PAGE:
3. RESULTS AND DISCUSSION

By Comparing BHP of microbial precipitation which is taken as a more complicated process with chemical and biomimetic synthesis. In the process of microbial precipitation, Bacillus subtilis can produce alkaline phosphatase (EC 3.1.3.1) which constantly hydrolyzed phosphate monoester in water, and obtain PO43- and various alcohols [23, 24]. All PO43- were changed into HPO42-because of the weakly acidic solution of BaCl2·2H2O, and barium hydrogen phosphate eventually exist in the mixed solution of Bacillus subtilis and phosphate monoester.

The FTIR spectra is effectively used to identify the functional groups of the samples. The FTIR spectra of BHP-1 and BHP-2 is displayed in the Fig. 1. The FTIR spectrum of BHP-1, the band located at 2651.94 cm-1 is assigned the earlier to interionic Ba...O phonon bands [11, 25]. Peaks at 2442.53 and 2360.92 cm-1 may result from the rotational band [25]. The P=O stretching vibration leads to a distinct band at 1255.99 cm-1. The vibrational absorptions at 1071.54 and 982.03 cm-1 are corresponding to stretching vibrations of P-O(H), and the bands at 892.62 cm-1 corresponds to P=O deformation [6]. At 582.93 and 536.33 cm-1, P-O (H) wagging and rocking vibrational bands are found [25]. In the FTIR spectra of BHP-2, wave number at 3415.16, 2442.81, 1651.61, 1439.34, 1259.92, 1074.43, 986.55, 894.80, 582.93 and 537.74 cm-1, whose are match with BHP-1 and literature [6, 25]. The FTIR spectrum of BHP-1 and BHP-2 confirmed that the functional group is HPO42-.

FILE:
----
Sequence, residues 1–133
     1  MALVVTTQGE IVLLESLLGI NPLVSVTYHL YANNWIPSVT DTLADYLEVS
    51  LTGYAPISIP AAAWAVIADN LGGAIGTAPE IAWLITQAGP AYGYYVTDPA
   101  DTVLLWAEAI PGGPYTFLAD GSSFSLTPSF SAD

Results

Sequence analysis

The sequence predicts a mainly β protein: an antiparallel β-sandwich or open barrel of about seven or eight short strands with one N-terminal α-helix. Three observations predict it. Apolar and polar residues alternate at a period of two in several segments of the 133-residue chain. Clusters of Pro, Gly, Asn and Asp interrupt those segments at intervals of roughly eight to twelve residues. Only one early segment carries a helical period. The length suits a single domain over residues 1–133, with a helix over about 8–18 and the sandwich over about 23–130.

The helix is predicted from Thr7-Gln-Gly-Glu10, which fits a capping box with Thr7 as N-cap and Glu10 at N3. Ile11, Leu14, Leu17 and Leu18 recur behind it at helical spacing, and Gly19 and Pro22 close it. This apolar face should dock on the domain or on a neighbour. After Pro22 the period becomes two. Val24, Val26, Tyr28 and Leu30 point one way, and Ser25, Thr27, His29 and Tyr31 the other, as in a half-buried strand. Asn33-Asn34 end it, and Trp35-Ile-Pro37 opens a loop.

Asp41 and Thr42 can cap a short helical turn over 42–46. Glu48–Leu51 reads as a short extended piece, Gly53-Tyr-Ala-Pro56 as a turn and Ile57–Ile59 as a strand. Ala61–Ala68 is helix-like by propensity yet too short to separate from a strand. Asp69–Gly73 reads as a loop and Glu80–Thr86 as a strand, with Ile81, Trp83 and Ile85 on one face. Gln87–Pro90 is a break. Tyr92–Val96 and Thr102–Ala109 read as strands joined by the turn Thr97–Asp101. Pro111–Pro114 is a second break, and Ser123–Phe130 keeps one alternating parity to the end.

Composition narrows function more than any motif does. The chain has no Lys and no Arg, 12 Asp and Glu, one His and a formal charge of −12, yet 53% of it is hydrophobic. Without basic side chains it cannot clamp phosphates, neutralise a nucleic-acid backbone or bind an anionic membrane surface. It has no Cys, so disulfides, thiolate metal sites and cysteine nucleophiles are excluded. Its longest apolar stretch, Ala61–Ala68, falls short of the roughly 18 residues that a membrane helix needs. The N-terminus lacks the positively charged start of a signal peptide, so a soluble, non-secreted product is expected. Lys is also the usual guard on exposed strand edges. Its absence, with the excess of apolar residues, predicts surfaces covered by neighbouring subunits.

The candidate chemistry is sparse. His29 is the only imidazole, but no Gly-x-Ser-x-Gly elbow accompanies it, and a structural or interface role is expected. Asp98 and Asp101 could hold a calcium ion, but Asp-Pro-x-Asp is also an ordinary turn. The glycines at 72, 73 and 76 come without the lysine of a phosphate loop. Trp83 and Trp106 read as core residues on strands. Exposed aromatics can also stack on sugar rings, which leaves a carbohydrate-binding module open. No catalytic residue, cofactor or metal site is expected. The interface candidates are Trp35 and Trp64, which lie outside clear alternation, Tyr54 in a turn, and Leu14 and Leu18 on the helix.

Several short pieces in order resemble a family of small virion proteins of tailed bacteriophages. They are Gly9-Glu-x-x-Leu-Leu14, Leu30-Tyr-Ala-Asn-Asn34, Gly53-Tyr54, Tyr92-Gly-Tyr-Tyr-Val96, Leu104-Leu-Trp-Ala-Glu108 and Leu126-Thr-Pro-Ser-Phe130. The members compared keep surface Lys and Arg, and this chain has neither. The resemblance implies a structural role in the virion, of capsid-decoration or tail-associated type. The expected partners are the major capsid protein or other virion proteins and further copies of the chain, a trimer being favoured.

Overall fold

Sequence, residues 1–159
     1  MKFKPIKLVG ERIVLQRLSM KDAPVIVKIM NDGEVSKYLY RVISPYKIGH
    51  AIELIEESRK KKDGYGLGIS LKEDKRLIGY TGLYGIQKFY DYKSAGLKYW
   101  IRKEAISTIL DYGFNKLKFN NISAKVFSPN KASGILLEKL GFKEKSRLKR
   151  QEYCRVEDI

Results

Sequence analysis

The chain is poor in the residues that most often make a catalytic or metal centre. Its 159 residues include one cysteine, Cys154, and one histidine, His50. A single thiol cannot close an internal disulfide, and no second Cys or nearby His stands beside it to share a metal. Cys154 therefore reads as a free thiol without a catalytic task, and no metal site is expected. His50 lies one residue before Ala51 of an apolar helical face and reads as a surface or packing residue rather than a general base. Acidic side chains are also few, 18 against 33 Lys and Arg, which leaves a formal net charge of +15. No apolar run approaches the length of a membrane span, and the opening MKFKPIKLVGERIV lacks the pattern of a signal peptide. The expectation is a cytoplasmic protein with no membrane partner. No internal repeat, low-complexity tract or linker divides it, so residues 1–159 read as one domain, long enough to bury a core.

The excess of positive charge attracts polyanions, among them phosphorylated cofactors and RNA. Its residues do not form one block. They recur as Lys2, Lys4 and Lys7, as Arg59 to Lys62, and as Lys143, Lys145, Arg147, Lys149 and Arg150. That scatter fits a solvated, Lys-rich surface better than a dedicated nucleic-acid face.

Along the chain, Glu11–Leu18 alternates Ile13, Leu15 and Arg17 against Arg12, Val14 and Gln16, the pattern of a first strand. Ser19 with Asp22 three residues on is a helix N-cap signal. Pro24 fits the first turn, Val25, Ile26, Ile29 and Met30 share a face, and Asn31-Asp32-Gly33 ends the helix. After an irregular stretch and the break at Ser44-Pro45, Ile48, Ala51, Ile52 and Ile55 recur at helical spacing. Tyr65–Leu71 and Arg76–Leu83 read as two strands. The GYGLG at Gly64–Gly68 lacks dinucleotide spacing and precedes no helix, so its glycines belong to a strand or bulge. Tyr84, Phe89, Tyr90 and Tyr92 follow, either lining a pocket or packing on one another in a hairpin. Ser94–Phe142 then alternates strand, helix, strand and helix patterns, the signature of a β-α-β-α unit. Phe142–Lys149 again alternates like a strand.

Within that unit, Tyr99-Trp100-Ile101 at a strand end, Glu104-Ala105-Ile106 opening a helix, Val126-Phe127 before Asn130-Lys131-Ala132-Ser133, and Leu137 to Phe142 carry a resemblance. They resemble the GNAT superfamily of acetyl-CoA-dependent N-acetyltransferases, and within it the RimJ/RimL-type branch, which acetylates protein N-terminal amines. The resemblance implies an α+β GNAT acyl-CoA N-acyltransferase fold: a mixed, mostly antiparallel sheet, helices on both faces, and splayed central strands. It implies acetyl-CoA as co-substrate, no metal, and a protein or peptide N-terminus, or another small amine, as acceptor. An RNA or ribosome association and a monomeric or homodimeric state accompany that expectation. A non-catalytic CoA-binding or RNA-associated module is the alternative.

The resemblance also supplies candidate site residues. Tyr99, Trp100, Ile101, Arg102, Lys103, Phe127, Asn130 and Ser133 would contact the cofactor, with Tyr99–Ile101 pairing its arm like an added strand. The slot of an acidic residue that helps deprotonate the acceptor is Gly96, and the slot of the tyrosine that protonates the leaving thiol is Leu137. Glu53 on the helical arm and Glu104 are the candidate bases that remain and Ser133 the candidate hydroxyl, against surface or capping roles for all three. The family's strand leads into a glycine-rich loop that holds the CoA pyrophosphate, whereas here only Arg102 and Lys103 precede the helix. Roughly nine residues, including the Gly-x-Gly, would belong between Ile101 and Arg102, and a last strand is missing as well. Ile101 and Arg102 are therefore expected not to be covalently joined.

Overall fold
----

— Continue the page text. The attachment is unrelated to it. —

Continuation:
Fig. 1 FTIR spectra of barium hydrogen phosphate: (a) BHP-1,
(b) BHP-2.

 

An elemental analysis of the samples is performed using EDS to confirm the presence of elements O, P and Ba in BHP-1, BHP-2, BHP-3 and BHP-4 sample (Fig. 2). XRD patterns of BHP-1, BHP-2, BHP-3 and BHP-4 are presented in Fig. 3. Fig. 3 (a), (b) (c) and (d) show that all samples are well crystallized, and all diffraction peaks can be readily indexed to the reported crystal structures of BHP-1, BHP-3, BHP-4 (JCPDS No. 72-1370) and BHP-2 (JCPDS No. 09-0113), and no peaks attributable to impurities are observed.

 

Fig. 2 EDS spectroscopy of barium hydrogen phosphate.

 

Fig. 3 XRD patterns of barium hydrogen phosphate: (a) BHP-1,
(b) BHP-
2, (c) BHP-3, (d) BHP-4.

 

Fig. 4 shows SEM images of BHP-1, BHP-2, BHP-3 and BHP-4 particles obtained under different reaction conditions. Fig. 4 a shows that the morphology of BHP-1 particles is regularly, irregularly quadrilateral box with a relatively smooth surface is observed. A large number of particles are reunited with each other forming big particles flower-like. Fig. 4 b is the image of BHP-2 particles, and debris of small particles on the surface of quadrilateral box is observed. Morphology likes brick and the length is nearly the width twice. However, when K2HPO43H2O is dissolved in the mixed solution of Bacillus subtilis and phosphate monoester, particles morphology is similar with BHP-1, as show in Fig. 4 c. Fig. 3 d shows that the morphology of BHP-4 particles is the irregularly quadrilateral box with a rough surface is observed. And the size of particles is nonuniform, which has diameter ranges from 5 to 10 μm.